- Barney J Stern, MD
Barney J Stern, MD
- Vice-Chair for Strategic Planning, Department of Neurology
- Johns Hopkins University
- Section Editors
- Michael J Aminoff, MD, DSc
Michael J Aminoff, MD, DSc
- Editor-in-Chief — Neurology
- Section Editor — Medical Neurology
- Professor of Neurology
- University of California, San Francisco School of Medicine
- Talmadge E King, Jr, MD
Talmadge E King, Jr, MD
- Editor-in-Chief — Pulmonary and Critical Care Medicine
- Section Editor — Interstitial Lung Disease
- Dean, School of Medicine
- Vice Chancellor, Medical Affairs
- University of California San Francisco
Neurologic complications occur in approximately 5 to 10 percent of patients with sarcoidosis [1-4]. Neurosarcoidosis is a diagnostic consideration in patients with known sarcoidosis who develop neurologic complaints and in patients presenting de novo with a constellation of findings consistent with the disease [5,6]. Approximately 50 percent of patients with neurosarcoidosis present with neurologic difficulties at the time sarcoidosis is first diagnosed. One-third of those with neurosarcoidosis have or develop more than one neurologic manifestation of their disease.
The diagnosis and management of neurosarcoidosis will be reviewed here. General issues related to sarcoidosis and its pathogenesis are discussed separately. (See "Clinical manifestations and diagnosis of pulmonary sarcoidosis" and "Pathology and pathogenesis of sarcoidosis".)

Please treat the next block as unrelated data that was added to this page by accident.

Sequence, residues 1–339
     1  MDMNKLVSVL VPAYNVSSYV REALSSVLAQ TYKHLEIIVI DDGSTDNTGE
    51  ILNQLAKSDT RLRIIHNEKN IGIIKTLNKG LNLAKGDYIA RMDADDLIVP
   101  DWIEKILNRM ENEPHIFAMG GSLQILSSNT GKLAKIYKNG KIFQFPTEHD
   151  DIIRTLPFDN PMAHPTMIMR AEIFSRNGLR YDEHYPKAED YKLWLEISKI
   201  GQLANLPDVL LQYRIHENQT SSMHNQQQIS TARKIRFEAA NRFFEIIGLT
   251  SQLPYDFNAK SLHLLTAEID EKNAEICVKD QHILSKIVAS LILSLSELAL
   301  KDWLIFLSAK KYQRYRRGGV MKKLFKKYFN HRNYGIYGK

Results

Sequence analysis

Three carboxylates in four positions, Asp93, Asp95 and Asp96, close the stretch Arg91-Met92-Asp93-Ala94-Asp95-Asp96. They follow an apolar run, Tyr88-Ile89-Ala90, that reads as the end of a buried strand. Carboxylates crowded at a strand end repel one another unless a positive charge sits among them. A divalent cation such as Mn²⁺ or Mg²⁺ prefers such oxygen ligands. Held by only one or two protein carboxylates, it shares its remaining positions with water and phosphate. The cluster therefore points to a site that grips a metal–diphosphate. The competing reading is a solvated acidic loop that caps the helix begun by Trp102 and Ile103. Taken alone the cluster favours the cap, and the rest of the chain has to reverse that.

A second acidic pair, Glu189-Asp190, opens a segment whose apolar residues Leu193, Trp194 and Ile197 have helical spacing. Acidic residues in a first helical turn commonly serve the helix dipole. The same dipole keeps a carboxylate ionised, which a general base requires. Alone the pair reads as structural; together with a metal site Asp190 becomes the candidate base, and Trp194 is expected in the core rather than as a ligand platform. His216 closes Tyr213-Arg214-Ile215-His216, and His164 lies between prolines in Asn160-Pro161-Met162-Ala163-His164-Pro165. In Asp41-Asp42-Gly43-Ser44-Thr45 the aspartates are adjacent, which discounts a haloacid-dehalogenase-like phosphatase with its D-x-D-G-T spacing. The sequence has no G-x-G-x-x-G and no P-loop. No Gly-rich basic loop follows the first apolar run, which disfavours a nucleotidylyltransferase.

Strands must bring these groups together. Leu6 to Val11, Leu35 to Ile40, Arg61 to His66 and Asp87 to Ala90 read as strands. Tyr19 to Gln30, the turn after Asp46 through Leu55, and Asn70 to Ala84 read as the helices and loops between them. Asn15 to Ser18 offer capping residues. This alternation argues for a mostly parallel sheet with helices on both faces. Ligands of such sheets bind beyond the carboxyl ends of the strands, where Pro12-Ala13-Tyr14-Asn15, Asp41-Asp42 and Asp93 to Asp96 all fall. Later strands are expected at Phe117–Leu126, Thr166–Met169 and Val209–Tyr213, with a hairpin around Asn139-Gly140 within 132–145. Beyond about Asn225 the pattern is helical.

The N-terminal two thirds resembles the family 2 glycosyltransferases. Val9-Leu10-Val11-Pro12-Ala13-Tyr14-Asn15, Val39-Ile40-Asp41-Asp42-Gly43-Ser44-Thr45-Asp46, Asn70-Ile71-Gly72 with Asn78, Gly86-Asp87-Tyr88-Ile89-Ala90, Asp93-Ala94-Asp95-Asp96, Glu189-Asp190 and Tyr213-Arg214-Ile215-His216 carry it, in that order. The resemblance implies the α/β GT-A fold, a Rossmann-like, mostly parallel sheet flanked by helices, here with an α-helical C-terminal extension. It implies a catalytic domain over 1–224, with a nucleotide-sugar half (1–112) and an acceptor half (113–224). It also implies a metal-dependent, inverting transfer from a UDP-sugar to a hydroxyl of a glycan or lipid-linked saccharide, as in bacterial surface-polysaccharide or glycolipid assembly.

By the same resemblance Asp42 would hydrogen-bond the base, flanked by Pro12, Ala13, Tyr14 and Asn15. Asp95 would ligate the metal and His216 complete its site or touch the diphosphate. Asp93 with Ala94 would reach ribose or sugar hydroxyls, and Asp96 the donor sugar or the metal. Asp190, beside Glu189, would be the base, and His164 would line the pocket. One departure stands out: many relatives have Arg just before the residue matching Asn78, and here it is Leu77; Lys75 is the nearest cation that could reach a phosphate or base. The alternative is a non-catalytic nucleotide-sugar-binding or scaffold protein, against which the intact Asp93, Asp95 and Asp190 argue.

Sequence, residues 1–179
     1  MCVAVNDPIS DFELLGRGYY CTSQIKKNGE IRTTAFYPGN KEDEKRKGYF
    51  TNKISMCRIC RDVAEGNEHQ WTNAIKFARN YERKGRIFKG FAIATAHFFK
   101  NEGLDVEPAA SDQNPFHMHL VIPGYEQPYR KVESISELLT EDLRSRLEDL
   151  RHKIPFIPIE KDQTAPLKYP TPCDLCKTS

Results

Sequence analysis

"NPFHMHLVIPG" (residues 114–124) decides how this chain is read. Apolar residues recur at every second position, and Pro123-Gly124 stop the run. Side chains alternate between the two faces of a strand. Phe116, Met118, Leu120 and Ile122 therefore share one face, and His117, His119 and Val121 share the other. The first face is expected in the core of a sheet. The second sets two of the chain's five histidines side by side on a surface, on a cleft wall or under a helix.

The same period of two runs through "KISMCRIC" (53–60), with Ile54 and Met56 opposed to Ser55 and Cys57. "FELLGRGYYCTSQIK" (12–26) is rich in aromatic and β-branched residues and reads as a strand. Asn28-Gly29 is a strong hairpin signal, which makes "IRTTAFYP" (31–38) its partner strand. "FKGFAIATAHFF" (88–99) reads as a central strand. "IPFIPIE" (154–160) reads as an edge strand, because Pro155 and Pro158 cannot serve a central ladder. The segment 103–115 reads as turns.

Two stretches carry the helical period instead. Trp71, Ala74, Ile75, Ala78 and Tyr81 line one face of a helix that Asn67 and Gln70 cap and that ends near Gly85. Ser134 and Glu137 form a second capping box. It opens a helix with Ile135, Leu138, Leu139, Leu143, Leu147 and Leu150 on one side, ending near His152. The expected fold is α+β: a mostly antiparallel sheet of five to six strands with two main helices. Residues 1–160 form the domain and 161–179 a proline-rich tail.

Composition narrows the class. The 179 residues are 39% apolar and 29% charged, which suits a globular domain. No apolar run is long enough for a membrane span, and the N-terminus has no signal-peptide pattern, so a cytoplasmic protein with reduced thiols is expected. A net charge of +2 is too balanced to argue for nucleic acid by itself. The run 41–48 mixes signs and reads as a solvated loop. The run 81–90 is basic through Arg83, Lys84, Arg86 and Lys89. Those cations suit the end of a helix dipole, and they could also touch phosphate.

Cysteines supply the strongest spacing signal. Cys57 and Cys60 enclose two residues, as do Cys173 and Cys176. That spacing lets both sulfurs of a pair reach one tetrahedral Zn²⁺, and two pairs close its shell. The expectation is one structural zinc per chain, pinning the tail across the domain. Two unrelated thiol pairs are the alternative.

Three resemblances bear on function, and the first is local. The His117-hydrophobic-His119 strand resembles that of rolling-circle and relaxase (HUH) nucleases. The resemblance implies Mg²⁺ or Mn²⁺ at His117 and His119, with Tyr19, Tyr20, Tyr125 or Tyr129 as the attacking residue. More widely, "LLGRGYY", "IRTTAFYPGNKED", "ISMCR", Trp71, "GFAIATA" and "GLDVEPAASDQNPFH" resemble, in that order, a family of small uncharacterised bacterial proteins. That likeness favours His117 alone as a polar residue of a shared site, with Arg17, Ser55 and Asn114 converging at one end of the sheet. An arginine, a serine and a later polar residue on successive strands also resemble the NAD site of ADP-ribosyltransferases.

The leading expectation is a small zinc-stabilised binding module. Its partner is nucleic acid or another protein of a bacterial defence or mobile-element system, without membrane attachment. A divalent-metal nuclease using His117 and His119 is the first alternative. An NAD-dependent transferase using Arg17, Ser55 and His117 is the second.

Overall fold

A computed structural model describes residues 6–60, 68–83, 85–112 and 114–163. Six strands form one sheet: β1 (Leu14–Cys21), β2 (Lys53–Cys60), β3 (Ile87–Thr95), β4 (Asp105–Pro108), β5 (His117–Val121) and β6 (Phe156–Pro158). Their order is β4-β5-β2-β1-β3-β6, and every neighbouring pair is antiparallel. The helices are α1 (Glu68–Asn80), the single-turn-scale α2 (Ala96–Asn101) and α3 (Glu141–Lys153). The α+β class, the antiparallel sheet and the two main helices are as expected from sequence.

Any portion of the central or peripheral nervous system can be affected by sarcoidosis. Common syndromes include:
●Cranial mononeuropathy. Peripheral facial nerve palsy develops in 25 to 50 percent of patients with neurosarcoidosis [2,6,7]. The facial nerve palsy can be unilateral or bilateral (simultaneous or sequential) and recurrent. Optic neuropathy and cranial nerve VIII dysfunction can lead to intermittent or progressive visual, auditory, or vestibular dysfunction . (See "Optic neuropathies", section on 'Sarcoidosis'.)
●Neuroendocrine dysfunction typically occurs with hypothalamic inflammation, resulting in polyuria or disturbances in thirst, sleep, appetite, temperature, or libido. Hypothalamic or pituitary lesions may also cause thyroid, gonadal, or adrenal abnormalities [6,9]. (See "Causes of hypopituitarism".)
One such manifestation, polyuria, can result from one or more factors in patients with sarcoidosis. Direct hypothalamic involvement can lead to central diabetes insipidus or primary polydipsia, while hypercalcemia (due to production of calcitriol by activated macrophages) can cause nephrogenic diabetes insipidus . (See "Hypercalcemia in granulomatous diseases".) Thus, patients with sarcoidosis and polyuria may require a water restriction test to establish the correct diagnosis. (See "Diagnosis of polyuria and diabetes insipidus".)To continue reading this article, you must log in with your personal, hospital, or group practice subscription. For more information on subscription options, click below on the option that best describes you:
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- CLINICAL FEATURES
- DIAGNOSTIC APPROACH
- Differential diagnosis
- Clinical evaluation
- Neurodiagnostic testing
- - Neuroimaging
- - Lumbar puncture
- - Other tests
- Other immunomodulatory therapies
- Surgical considerations
- Radiation therapy
- General measures
- SUMMARY AND RECOMMENDATIONS